Is there a particular favourite edition?
The best-selling dance compilation of all time was The Annual volume 2, mixed by Pete and George [613,804 sales – Official Charts Company], that's got a classic tracklist. The first time I worked on it for the Annual millennium edition, that was the silver one with the purple logo. You can name the year and I'll tell you exactly what the Annual looked like that. That was an epic year, that was the year of trance. That had stuff like ATB, all of those big classic, anthemic trance records were a big feature of it that year. It was a huge year for dance music, 1999. There was a really good one at the end of 2004, which was a resurgence of house music led by our Eric Prydz Call On Me record. That was a really big year for the Annual and it really picked up, sales increased dramatically then from the previous year.”
Were there ever any tricky tunes to license?
“Stardust’s Music Sounds Better With You. There were some epic stories about people travelling over on the Eurostar to try and sway Thomas Bangalter from Daft Punk. It was such a huge anthem, it was in 1998 and it was without question the biggest dance record of the year. Ministry had the team over to Paris to meet with him to try and persuade him to put it on, and were sent home with a flea in their ear. It didn't appear on any dance music compilations until we put out Ministry Of Sound Anthems II, which came out in 2008. [For 10 years] it was just not licensable, they didn't want to be on a compilation.”
Did a lot of effort go into the packaging?
“Yeah, we had to make a decision, because you never quite new how popular it was going to be. So you’d have to make guesses as to how many booklets you were going to print, and sometimes you'd get caught out and the demand would be so huge that you were desperately phoning round the CD factories and the printers saying, ‘Please can you get them more quickly, I need to get them on trucks and get them shipped out to the shops’. Because obviously the huge demand was in those last two or three weeks before Christmas, when everyone was frantically going into all the lovely record stores that used to exist.”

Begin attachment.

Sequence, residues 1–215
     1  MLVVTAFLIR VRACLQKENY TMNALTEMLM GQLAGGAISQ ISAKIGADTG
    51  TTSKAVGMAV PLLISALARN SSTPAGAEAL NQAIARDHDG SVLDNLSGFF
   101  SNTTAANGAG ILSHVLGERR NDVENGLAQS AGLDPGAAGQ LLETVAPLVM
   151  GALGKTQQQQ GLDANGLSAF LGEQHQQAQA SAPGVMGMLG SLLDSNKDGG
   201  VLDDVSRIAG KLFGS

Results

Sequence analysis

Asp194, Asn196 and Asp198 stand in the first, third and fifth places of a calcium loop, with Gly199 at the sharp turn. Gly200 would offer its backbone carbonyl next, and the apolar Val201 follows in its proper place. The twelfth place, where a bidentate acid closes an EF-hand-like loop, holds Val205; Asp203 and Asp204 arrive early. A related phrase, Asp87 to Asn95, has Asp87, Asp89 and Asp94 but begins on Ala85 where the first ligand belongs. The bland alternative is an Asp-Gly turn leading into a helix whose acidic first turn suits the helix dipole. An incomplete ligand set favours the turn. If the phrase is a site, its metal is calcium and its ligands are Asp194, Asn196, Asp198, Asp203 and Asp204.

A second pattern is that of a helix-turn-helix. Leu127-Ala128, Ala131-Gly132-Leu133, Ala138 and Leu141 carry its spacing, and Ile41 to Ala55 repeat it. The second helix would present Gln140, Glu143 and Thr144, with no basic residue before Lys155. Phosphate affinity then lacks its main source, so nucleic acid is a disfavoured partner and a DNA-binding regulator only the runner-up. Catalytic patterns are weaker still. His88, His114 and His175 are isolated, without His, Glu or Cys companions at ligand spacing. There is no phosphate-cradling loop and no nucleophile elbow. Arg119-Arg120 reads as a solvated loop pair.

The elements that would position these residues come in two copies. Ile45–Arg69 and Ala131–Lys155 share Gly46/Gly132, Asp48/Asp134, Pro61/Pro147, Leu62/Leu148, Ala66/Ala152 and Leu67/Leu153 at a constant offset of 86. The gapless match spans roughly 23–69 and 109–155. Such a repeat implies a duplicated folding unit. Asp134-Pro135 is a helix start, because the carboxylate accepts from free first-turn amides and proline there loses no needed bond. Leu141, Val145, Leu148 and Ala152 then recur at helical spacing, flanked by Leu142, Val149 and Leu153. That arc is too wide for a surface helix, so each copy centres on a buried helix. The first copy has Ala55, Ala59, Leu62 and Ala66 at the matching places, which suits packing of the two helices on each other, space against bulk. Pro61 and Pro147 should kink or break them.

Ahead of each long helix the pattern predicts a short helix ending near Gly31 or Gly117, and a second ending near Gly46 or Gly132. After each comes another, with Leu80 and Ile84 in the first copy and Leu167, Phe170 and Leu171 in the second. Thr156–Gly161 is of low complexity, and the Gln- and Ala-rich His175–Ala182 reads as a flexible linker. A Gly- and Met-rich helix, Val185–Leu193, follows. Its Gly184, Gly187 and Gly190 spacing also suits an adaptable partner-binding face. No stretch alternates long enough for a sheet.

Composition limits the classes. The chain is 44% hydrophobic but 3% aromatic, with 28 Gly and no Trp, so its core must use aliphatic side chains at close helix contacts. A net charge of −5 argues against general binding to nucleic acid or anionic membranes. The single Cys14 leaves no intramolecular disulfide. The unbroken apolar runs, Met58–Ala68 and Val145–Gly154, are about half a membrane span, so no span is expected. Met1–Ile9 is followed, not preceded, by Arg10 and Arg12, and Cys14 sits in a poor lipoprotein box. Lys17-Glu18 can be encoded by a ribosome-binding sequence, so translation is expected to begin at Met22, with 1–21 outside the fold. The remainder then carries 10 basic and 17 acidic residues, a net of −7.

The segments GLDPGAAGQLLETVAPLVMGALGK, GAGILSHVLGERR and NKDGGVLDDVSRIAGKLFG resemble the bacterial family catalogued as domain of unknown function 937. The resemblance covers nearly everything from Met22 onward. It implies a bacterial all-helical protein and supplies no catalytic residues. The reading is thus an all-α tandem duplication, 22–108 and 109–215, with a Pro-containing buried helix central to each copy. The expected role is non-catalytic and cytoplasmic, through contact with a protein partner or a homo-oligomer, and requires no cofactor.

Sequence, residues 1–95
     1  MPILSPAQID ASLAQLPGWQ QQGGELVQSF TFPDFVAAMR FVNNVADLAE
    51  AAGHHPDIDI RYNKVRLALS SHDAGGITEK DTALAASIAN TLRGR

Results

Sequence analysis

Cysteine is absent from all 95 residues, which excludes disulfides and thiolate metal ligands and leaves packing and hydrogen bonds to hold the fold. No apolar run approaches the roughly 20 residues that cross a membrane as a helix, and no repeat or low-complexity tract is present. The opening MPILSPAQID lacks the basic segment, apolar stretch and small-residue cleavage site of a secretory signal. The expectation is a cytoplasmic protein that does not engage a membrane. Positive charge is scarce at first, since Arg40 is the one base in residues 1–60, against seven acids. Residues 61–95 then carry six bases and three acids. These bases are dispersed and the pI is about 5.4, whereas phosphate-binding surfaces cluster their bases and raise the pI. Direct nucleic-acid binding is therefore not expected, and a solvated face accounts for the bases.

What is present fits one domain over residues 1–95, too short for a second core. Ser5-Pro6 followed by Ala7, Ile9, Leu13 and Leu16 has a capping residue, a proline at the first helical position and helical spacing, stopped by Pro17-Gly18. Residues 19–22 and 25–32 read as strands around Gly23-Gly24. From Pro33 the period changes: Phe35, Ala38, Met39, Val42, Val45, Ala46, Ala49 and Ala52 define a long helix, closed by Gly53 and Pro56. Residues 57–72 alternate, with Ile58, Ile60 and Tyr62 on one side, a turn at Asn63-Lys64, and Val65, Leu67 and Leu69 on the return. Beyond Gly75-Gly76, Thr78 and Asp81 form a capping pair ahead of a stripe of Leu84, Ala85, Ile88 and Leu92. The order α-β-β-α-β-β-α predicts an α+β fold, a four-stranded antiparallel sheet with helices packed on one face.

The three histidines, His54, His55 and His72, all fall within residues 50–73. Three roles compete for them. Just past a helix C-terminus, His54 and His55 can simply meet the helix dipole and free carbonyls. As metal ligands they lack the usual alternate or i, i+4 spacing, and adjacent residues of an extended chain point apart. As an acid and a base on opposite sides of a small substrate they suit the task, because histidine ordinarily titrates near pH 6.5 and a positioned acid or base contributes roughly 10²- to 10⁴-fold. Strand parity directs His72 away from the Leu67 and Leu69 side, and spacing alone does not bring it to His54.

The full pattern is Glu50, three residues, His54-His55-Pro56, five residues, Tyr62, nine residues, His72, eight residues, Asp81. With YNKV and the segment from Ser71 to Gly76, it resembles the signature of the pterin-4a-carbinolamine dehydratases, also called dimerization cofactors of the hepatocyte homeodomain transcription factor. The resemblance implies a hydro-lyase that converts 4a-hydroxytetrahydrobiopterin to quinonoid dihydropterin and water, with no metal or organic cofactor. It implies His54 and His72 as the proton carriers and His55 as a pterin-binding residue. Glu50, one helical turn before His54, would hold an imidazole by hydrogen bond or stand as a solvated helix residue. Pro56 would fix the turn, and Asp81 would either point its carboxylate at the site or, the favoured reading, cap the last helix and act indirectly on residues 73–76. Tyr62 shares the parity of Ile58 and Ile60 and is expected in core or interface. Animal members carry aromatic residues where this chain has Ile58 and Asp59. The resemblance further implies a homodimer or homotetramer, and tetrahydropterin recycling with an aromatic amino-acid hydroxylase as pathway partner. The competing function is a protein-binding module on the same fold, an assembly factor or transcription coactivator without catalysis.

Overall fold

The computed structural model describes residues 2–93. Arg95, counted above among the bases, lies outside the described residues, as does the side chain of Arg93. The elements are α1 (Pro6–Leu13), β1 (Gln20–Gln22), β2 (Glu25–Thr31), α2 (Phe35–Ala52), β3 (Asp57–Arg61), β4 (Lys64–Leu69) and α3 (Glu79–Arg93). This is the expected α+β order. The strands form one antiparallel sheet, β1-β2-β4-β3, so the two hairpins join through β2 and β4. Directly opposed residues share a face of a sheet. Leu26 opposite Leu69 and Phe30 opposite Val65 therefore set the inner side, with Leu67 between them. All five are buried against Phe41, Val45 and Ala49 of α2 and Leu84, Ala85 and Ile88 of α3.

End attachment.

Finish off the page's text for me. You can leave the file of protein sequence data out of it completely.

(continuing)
Are you hopeful the brand will continue under Sony in this tough compilations market?
“Oh yeah, I think so. There's always a demand for it every year. It's really nice it's being released on Apple Music for the first time, as a streaming playlist. Sony are taking it forward into the new era. Apple have been fantastic partners for Ministry of Sound over the years, and certainly when I heard about that deal I was delighted that they were able to do something like that together.”
How do you work with Sony Music on the MOS brand?
“We all talk regularly, we are two companies living under the umbrella of the same brand, so we all discuss what's going on in the club, what's coming out on the label, what's going out in the compilation business, what event we're putting out on tour. We try and complement each other, we try and coordinate activities and try to maximise the benefits of that partnership.”